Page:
Setting Up Your Marketing Data Warehouse

August 24, 2021

12

min read

Digital Marketing

Marshall
Johnston

Product Manager

Leap Agency

While a dedicated marketing data warehouse isn’t necessary for every agency or brand, anyone interested in effective digital advertising today needs to know the basics of how data warehouses gather, store, and analyze marketing performance data.   

What Is A Marketing Data Warehouse? 

Marketing data lives across multiple advertising, analytics, and CRM platforms, such as Google Ads, Google Analytics, Facebook Business Manager, Hubspot, Salesforce, and thousands of other vendors. 

A marketing data warehouse centralizes marketing performance data from various platforms for storage and analysis.

As the volume of data increases for an expanding business, the need to structure, organize and retrieve that data for various use cases becomes more of a necessity, as does the need for scaling your data warehouse capabilities to quickly adapt to the ever-increasing amount of data you're pulling. 

Instead of manually spinning up more storage space (or worse, running out of storage space), one of the major benefits of an ‘out-of-the-box’ data warehouse provider is the ability to scale with growing demands.

Typically cloud-based, data warehouses differ from traditional data storage methods in that they provide more flexibility with storage and outside integrations, with cost and efforts both drastically reduced. 

With enough coding and web development expertise, it’s possible to manually create a custom database through existing tools, and handle the Extraction, Transformation, and Loading (ETL) workload via MySQL and a big box database.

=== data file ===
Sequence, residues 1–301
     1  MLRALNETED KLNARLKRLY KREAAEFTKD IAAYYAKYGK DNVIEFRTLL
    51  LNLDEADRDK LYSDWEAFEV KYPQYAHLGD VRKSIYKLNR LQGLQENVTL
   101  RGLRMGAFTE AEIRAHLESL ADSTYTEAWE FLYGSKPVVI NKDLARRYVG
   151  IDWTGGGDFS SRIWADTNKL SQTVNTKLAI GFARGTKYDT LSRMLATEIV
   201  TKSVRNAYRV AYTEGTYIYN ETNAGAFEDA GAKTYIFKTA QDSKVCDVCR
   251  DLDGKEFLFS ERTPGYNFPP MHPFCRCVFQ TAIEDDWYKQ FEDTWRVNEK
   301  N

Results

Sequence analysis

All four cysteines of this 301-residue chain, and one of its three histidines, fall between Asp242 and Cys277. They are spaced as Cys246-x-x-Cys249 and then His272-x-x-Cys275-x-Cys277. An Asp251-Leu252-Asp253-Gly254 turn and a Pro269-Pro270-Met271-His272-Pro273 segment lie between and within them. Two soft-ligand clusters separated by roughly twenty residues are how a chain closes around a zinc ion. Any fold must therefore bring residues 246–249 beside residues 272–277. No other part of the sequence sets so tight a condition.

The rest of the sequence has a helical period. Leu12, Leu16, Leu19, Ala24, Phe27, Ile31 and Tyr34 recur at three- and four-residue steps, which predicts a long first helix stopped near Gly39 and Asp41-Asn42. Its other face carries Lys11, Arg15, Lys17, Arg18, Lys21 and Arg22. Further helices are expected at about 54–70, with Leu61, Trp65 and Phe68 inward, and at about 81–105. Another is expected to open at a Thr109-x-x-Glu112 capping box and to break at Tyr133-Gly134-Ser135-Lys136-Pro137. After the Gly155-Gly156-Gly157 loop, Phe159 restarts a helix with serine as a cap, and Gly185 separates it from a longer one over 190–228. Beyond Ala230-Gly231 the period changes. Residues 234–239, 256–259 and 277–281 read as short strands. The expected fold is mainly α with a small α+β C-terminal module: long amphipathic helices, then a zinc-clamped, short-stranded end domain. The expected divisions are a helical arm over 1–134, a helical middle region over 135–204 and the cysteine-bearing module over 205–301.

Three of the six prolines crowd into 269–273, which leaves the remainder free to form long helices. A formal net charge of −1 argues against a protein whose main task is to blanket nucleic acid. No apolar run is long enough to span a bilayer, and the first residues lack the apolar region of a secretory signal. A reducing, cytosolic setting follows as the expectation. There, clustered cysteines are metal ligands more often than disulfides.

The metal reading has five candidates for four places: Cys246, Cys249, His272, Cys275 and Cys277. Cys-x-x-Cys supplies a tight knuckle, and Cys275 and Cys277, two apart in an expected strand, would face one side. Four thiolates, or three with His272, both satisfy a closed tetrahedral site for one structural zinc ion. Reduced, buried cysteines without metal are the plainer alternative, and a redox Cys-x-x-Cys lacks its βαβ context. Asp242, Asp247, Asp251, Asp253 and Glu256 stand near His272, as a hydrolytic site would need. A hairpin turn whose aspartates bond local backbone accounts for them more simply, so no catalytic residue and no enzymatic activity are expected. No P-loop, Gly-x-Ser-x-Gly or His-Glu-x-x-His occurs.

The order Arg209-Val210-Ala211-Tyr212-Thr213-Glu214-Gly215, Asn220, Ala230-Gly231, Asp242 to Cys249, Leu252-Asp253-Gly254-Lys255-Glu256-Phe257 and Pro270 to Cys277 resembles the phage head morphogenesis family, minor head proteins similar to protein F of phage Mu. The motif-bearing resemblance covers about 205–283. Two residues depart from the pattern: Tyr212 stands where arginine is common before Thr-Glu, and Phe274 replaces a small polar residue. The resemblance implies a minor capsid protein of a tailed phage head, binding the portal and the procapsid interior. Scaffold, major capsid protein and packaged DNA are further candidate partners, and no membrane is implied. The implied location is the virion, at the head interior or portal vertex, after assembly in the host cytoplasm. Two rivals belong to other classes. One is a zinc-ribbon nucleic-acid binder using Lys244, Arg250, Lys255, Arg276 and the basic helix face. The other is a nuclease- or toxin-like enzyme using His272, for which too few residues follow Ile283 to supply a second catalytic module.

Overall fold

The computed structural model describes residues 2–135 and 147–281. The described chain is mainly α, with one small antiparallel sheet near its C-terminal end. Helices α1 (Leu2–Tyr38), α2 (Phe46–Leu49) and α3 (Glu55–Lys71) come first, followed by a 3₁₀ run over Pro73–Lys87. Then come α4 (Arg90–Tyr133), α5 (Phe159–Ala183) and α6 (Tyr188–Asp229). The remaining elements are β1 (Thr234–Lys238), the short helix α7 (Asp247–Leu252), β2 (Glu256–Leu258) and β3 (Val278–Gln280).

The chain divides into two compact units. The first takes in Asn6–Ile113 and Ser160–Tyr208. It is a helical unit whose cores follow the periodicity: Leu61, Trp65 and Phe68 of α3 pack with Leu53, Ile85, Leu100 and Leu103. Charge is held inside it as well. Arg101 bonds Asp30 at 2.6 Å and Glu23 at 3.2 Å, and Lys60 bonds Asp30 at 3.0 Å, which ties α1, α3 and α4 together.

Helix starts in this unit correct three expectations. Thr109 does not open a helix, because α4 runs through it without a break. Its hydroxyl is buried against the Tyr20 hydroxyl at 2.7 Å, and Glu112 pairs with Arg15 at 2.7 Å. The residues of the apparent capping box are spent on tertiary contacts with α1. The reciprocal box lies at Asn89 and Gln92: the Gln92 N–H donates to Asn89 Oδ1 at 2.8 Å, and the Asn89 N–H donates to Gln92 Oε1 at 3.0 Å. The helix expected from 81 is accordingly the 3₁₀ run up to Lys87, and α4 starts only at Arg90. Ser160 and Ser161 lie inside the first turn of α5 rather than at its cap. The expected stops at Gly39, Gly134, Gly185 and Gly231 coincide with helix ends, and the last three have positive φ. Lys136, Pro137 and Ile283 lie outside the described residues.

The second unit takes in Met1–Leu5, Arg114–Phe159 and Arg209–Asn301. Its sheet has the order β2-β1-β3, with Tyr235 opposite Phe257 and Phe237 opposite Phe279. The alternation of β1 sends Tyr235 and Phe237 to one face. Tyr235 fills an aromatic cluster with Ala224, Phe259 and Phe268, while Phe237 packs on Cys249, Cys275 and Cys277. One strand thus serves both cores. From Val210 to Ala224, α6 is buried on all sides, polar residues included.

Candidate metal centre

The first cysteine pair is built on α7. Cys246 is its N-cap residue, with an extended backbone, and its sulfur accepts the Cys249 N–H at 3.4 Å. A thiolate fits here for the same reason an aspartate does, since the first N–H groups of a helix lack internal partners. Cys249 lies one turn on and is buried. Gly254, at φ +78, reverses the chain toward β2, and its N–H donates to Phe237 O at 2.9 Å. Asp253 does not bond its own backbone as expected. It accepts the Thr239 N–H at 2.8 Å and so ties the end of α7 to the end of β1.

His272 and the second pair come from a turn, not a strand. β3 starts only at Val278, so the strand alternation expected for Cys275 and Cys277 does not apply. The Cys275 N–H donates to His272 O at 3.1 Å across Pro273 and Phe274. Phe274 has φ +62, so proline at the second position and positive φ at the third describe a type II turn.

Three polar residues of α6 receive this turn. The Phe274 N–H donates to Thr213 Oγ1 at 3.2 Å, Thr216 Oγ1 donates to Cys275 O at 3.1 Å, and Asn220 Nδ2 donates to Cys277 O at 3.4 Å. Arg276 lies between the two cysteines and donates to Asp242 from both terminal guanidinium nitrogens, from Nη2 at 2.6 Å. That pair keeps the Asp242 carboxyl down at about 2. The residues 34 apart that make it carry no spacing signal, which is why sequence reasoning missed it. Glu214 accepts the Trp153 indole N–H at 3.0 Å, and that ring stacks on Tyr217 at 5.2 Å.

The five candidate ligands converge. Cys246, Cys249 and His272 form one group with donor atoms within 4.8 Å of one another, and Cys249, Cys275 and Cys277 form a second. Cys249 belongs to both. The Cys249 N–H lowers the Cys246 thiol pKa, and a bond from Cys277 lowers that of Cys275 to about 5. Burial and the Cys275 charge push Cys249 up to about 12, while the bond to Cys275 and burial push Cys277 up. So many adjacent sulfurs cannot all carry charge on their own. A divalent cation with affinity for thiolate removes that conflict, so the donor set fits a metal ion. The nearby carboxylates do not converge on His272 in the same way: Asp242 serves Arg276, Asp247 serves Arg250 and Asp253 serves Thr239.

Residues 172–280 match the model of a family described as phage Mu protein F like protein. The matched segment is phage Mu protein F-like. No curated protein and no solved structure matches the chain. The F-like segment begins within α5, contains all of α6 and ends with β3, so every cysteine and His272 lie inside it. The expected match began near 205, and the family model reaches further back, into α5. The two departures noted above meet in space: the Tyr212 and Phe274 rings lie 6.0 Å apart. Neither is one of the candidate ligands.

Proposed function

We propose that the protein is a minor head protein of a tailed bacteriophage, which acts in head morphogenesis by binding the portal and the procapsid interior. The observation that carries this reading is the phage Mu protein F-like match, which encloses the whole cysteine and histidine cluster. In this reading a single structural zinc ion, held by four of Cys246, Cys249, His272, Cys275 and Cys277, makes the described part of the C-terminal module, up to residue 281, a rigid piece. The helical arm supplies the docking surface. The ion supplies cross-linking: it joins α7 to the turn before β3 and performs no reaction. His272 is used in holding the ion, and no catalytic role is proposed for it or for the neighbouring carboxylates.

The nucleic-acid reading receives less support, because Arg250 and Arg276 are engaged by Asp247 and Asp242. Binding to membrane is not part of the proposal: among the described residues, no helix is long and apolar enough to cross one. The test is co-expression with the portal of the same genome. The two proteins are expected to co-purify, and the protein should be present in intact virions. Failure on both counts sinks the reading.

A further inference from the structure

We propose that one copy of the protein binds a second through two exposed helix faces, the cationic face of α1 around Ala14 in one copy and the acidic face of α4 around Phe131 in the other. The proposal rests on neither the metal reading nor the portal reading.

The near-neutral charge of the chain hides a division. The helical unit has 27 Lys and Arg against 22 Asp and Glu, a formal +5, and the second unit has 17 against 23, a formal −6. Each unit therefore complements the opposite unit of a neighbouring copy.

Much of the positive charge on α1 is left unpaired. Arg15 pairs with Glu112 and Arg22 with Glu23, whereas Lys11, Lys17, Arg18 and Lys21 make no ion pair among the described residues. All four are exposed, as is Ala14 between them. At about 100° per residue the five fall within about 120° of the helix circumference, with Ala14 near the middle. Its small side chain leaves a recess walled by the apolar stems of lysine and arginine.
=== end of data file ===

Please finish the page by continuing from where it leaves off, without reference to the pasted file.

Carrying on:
However, this approach to a DIY marketing data warehouse requires specialists, time, and lots of trial and error, making an existing data warehouse solution a more viable option.

What are some existing solutions/products that solve the marketing data warehouse problem?

Data Warehouse Options 

  • Big Query (Google) - A multi cloud data warehouse designed for business, Big Query is a serverless, scalable, and cost-effective data warehousing solution from Google. Able to feature query streaming data in real time, Big Query provides businesses with predictive analytics, secure data, and robust governance that offers a 99.99% uptime SLA.

  • Snowflake - Snowflake is a data platform built to leverage the modern cloud data warehouse. Fast and reliable access to your data, Snowflake accelerates business intelligence analytics, all with little to no maintenance and administration. With cross-cloud data replication for seamless access across the globe, making 100% data-driven business decisions is attainable through Snowflake.